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Portrait of 3 Daughters

Early February, 2002, we discuss doing a portrait of three young women. The mother has provided me with resource photos. The primary photo, which I will use, is vertical, but we want the final portrait to be horizontal.

I scan the photo into my PC and proceed to manipulate the figures to make it horizontal. We have decided on a 24" by 36" canvas.

This will be the basic composition.

I have discovered that I can open the TIF file in Adobe Streamline and convert to Vector (line) art, and then import into Adobe Illustrator as an illustrator format file. I format and create a limited color poster image from which, in Illustrator, I can create a sort of line drawing. This simplifies the process of transferring to the drawing paper.

Here is the draughtsman table with the drawing in progress.

And a closer view of the drawing.


2/24/02 - I wasn't pleased with the placement, so I moved the daughters further apart and began redrawing the sketch. This is "double-work" but is good practice for "seeing" the forms.
3/3/02 -Having felt the basic flow and dimension of the piece by doing the drawing, I now lightly transfer the grid to the canvas, drawing the basic outlines with pencil and then paint as a wash.
3/3/02 - This re-drawing is done with a mix of burnt umber and ultramarine blue, in a monochrome wash (lots of turpentine, no medium.)
4/30/02 - Sidetracked by taxes and bills and am just now getting the next stage posted, although I've worked on it slowly. It's in a "cartoon" stage, the point when I wonder whether I really have the right to consider myself an artist.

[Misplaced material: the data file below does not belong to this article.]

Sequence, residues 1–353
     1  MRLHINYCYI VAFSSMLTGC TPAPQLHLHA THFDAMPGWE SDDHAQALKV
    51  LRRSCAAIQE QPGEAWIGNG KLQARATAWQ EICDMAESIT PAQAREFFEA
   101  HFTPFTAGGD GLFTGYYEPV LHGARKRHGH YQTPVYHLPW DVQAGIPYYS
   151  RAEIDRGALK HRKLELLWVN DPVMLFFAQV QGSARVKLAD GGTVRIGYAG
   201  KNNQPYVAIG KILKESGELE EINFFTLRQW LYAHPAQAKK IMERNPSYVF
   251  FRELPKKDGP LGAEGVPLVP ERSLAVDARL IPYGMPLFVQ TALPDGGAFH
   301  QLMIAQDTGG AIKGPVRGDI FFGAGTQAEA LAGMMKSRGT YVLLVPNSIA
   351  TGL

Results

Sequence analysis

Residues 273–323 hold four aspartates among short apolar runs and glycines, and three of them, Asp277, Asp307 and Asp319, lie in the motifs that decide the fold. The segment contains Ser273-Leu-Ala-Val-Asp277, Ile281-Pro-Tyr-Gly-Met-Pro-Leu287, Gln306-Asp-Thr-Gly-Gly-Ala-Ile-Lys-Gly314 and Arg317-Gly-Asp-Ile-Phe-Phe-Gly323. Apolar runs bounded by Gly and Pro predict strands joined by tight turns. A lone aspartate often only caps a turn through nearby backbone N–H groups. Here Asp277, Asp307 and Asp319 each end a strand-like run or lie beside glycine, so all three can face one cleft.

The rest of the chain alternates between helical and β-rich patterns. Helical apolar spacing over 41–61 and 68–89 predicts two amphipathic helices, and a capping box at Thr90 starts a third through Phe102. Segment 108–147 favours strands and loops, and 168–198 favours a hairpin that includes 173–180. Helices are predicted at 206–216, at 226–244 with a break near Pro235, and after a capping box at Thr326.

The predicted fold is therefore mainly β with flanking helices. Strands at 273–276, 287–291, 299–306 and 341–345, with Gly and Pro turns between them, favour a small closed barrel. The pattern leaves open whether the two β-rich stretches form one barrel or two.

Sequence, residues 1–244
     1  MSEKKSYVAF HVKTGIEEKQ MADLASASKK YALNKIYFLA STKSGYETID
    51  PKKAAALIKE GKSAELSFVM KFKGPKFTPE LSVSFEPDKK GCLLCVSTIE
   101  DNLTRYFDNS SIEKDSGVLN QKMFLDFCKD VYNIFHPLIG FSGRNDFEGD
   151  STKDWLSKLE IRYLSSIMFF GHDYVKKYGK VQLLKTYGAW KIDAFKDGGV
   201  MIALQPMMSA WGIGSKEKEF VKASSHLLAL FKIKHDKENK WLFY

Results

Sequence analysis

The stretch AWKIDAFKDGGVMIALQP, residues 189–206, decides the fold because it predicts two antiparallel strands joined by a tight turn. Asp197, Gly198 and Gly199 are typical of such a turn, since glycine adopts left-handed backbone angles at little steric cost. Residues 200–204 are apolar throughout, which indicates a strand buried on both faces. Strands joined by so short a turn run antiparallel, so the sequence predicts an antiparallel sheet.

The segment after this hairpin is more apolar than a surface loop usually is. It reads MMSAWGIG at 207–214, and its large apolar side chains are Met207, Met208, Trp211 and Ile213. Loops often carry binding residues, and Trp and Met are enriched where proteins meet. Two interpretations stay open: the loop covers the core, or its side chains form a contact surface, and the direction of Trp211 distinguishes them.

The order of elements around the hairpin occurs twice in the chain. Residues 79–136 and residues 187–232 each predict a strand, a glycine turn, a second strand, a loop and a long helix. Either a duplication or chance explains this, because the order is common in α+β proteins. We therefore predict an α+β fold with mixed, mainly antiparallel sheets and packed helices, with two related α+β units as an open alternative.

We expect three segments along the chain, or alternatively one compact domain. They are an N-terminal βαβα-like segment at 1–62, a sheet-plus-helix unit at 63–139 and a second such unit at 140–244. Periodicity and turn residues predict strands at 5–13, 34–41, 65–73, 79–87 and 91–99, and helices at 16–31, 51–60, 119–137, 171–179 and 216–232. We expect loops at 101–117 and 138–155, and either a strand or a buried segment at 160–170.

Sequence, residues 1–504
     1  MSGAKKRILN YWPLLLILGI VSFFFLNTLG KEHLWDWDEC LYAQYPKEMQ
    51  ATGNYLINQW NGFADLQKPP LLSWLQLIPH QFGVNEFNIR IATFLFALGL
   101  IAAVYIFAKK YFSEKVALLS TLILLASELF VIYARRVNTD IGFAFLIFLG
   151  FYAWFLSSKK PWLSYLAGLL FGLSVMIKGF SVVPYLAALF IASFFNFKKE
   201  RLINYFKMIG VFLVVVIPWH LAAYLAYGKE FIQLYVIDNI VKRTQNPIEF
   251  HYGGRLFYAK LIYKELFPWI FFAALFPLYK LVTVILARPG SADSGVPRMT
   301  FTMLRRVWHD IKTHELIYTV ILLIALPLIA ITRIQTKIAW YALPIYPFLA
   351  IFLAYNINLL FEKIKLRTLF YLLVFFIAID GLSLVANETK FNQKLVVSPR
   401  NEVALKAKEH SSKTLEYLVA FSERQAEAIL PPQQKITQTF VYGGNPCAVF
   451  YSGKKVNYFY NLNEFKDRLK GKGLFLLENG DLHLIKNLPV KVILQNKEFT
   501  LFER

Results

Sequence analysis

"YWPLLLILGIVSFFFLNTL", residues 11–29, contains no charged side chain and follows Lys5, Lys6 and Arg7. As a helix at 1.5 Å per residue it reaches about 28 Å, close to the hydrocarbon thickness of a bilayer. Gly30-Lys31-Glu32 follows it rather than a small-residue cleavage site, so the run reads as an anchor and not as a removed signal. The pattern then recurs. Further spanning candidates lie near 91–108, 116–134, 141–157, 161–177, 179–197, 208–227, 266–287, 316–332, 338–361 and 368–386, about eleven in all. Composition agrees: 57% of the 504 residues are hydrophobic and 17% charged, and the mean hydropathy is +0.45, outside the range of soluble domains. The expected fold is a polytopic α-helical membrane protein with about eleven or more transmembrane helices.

5/19/02 - This is the next stage of the painting. Still in the "cartoon" stage. I am moving left to right across the painting, trying to keep the girls in about the same stage of development. I like the background in a darker shade (though perhaps less brown) because it sets off the bright skin tones.
5/27/02 - Today I worked mainly brightening the middle girl's face and changing the background.
6/2/02 - This weekend I worked mainly on the left and middle girls and on the background. Making the background dark lets the skin tones glow and become the focus of the painting. At this stage, painting goes slower and changes will not be as obvious. But the sisters begin to look less like a cartoon of themselves.
6/16/02 - I made a lot of headway, working glazes over the face of the right-hand face, working on the texture of the middle girl's dress (which will later be darkened again by glazing) and the bright white folds of the right-hand girl's blouse and the background -- which is developing layers and richness. . .
To be continued . . . . Last updated: April 8, 2010
Last updated: April 8, 2010
Copyright c. 2004 by Pam Coulter Blehert. ALL RIGHTS RESERVED.